November 11, 2014 8:53 PM
By Anonymous (not verified)

Personally, I don't like Jrs and do admit, I find it egotistical. Both my Father and Husband are Jrs, and both hate it. Causes too much confusion and headaches, from mail and credit, to even simple things like voting, which my husband found out recently. Maybe consider a less identical way of honoring daddy, such as using it as a middle name or something similar. Congrats on upcoming baby!

November 11, 2014 9:13 PM
By Anonymous (not verified)

My husband is a Jr. in a line of 3. His grandfather is Robert Leo, father is Robert Eugene (goes by Bob) , and He is Robert Eugene Jr. (goes by Rob). We recently had a baby boy and named him Robert Charles (we call him Robert). My husband loved being named after his dad. He always thought of it as a special bond. He also liked the historical ties linked to our last name. So when it came down to naming our son he wanted to pass on that to him. Not in an egotistical way, but in a "I want to share our family history" way.
We picked Charles as a middle name because it was my grandfathers name, giving him identity from both families. And I didn't want a the third and I don't particularly like Eugene.

December 5, 2014 12:53 AM
By Anonymous (not verified)

My fiancé already has a son named after him from a previous relationship and now he want to name our son after him also so would that make our son a lll... I need help ladies

June 29, 2015 9:13 PM
By Anonymous (not verified)

if the grandfather Sr. has passed the father Jr. would normally be called the II vice Jr. and the grandson would be the III.
as was the case with my great grandfather Sr. after passing was remembered as the I, grandfather Jr. now known as the II, father III and older brother IV. I'm a Sr. my son Jr. but when i pass he would be called the II and if he decides to name a son after us he would be the III. but the old ways have been lost or not passed on correctly. hope this helps.

August 5, 2015 7:17 AM
By Anonymous (not verified)

AMEN AMANDA.

August 26, 2015 2:14 AM
By Anonymous (not verified)

I am confused my father in law name is Michael he is Sr. With no middle name my husband is named after his father with a middle name and he is a jr We are having our first boy and we are going to name him after his father with the same first and last name would he be a jr or the 3rd

October 29, 2015 8:56 PM
By A (not verified)

As a Junior who is technically a third (My father is named for his uncle who lost his ability to have kids), I feel the exact way! I named my son the third, and I am super proud of our name, our traditions, my father is a bad ass and when I say my name, and the people know us, they know what we stand for. I can only hope I keep up the good name and can mold my son as well as my father tried to mold me.

November 27, 2015 3:56 PM
By Anonymous (not verified)

I am pregnant with our first child, a boy, and we plan to name him Logan Jr. I know our son will be honored to be named after his father who is an incredible human being and would be ungrateful for thinking otherwise. Also, I work in healthcare and see entirely too many confusing made up and misspelled names it's reached the point to where I don't even try. Xendaya, Jayzlan, Hazen. And all the paisleys aisleys braydens just stop it. Our sons traditional name will be what sets him apart. I'm sure he'll just be happy his teachers can pronounce his name.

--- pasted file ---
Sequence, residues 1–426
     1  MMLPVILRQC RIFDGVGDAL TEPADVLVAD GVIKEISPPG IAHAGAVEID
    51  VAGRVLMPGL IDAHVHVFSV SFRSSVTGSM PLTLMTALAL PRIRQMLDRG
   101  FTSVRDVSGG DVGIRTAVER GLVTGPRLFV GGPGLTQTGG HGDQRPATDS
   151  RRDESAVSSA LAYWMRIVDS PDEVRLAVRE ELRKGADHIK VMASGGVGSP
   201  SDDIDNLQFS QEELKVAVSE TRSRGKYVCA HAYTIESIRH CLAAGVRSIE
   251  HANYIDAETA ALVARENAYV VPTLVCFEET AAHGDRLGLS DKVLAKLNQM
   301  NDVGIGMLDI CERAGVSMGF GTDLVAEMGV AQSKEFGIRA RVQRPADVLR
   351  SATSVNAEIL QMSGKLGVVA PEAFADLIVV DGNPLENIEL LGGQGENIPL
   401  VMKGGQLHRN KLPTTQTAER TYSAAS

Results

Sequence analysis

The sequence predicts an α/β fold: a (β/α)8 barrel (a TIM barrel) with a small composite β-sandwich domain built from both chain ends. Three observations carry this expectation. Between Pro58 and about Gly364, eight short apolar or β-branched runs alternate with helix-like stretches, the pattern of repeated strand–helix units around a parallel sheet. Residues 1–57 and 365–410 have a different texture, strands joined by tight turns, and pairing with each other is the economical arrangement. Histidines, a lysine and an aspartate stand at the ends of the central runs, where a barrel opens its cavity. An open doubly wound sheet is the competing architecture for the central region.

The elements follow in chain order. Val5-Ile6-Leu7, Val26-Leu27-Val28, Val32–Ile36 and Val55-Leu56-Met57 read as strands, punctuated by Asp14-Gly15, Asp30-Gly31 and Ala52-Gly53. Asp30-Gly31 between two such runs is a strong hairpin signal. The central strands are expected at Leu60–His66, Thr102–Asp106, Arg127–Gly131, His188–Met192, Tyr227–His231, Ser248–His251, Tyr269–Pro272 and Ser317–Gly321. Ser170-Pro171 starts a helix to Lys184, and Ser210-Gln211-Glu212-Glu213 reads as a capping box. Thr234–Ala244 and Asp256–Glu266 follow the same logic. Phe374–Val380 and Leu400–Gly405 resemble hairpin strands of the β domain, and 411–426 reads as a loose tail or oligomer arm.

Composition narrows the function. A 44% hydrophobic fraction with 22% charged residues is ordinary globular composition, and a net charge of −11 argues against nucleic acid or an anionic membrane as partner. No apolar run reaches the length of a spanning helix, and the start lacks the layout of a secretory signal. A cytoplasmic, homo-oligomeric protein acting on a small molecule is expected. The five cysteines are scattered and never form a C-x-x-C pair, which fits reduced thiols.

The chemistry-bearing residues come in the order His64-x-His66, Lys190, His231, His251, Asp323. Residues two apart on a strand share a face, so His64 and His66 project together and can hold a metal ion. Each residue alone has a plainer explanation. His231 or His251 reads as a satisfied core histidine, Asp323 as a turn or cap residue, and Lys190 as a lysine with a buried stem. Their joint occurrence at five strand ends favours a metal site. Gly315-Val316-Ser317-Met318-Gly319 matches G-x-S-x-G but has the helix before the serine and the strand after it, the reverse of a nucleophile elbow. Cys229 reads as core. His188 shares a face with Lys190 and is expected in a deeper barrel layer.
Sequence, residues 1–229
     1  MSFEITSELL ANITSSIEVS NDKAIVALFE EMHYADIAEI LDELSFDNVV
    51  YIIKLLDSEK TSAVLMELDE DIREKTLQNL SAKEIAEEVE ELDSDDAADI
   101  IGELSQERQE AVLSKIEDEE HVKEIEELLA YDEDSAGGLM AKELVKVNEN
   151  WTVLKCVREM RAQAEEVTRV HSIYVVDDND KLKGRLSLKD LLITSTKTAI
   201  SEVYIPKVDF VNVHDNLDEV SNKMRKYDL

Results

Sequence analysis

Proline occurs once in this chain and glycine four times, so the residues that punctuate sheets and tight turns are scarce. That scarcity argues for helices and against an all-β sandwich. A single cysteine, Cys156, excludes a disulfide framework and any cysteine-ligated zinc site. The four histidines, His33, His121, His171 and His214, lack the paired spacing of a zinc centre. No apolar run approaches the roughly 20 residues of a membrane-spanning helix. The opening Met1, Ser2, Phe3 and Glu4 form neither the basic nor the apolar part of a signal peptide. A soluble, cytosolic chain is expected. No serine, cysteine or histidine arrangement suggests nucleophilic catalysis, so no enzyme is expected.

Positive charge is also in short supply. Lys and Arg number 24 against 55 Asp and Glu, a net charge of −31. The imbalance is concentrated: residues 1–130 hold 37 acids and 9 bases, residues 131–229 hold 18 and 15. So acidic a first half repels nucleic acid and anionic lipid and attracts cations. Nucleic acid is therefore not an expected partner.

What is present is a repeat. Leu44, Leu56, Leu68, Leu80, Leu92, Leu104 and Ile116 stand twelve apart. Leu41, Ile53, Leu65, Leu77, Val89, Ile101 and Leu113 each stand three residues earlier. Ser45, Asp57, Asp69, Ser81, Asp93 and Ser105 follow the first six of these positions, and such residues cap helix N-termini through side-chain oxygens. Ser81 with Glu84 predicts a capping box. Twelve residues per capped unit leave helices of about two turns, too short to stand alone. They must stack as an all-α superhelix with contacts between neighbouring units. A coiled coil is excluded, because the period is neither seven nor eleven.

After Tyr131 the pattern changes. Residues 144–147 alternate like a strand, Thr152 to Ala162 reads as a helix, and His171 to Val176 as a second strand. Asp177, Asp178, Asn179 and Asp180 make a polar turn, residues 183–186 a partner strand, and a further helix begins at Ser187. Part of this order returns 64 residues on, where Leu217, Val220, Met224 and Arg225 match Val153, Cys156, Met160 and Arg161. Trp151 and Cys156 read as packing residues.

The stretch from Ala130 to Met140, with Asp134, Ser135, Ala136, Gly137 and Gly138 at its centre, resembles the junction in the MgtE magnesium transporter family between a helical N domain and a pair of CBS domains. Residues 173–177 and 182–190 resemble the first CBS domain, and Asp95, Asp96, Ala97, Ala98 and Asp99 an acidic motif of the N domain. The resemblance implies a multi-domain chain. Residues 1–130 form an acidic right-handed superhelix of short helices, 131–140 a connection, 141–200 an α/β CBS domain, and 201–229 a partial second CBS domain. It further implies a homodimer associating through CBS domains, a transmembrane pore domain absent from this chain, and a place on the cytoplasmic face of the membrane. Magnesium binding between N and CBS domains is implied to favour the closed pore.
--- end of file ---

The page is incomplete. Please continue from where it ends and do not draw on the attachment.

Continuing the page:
January 26, 2016 6:36 PM
By Anonymous (not verified)

My father didn't use Jr on us boys, there were three of us. We all had distinctive names. When my son came along, at wits end for a name, my wife suggested my name and Jr. I said okay. Today 35 years later I regret the day I did that to myself. EVERY CORP AND GOV concern can't get me my mail and his mail to him. Wasn't a problem until he came to live with me at his 34 birthday. Since then he claims that they got his name wrong on the mailings. The post office is told to hold his mail, they hold mine! He's filed for food stamps. He bought a car, the dealer sent all the mail for that car to MY NAME. I've never been on welfare, he signed up for it after I told him to move out. I'm thinking of changing my name to Methuselah, and nothing else, then see if they can get my mail to me and not hold it at the post office! Local GOV thinks I've lost my job, I still work a 100 hour week. Just saying.

June 20, 2016 12:34 PM
By Anonymous (not verified)

I don't like juniors, personally. I think it seems a bit egotistical to name your child after yourself, or your spouse. Plus, I've known people who have credit issues because their dad used their social security number to obtain credit cards. Other guys I know have had warrants and jury duty issued in their names instead of their dads. It doesn't seem like a good idea when there are so many other ways to honor your family!

I like linking names through the generations. My son has the same middle name as my husband, which is his father and grandfather's first name, and his great-grandfather's middle name. It's not as confusing as being a junior, but my son is connected to four other generations of Kenneths. I've known people who give their kids the same initials, or reverse their name (ex: Eric Michael has Michael Eric). I think those are all more clever ways to honor your family then giving your child the exact same name as you.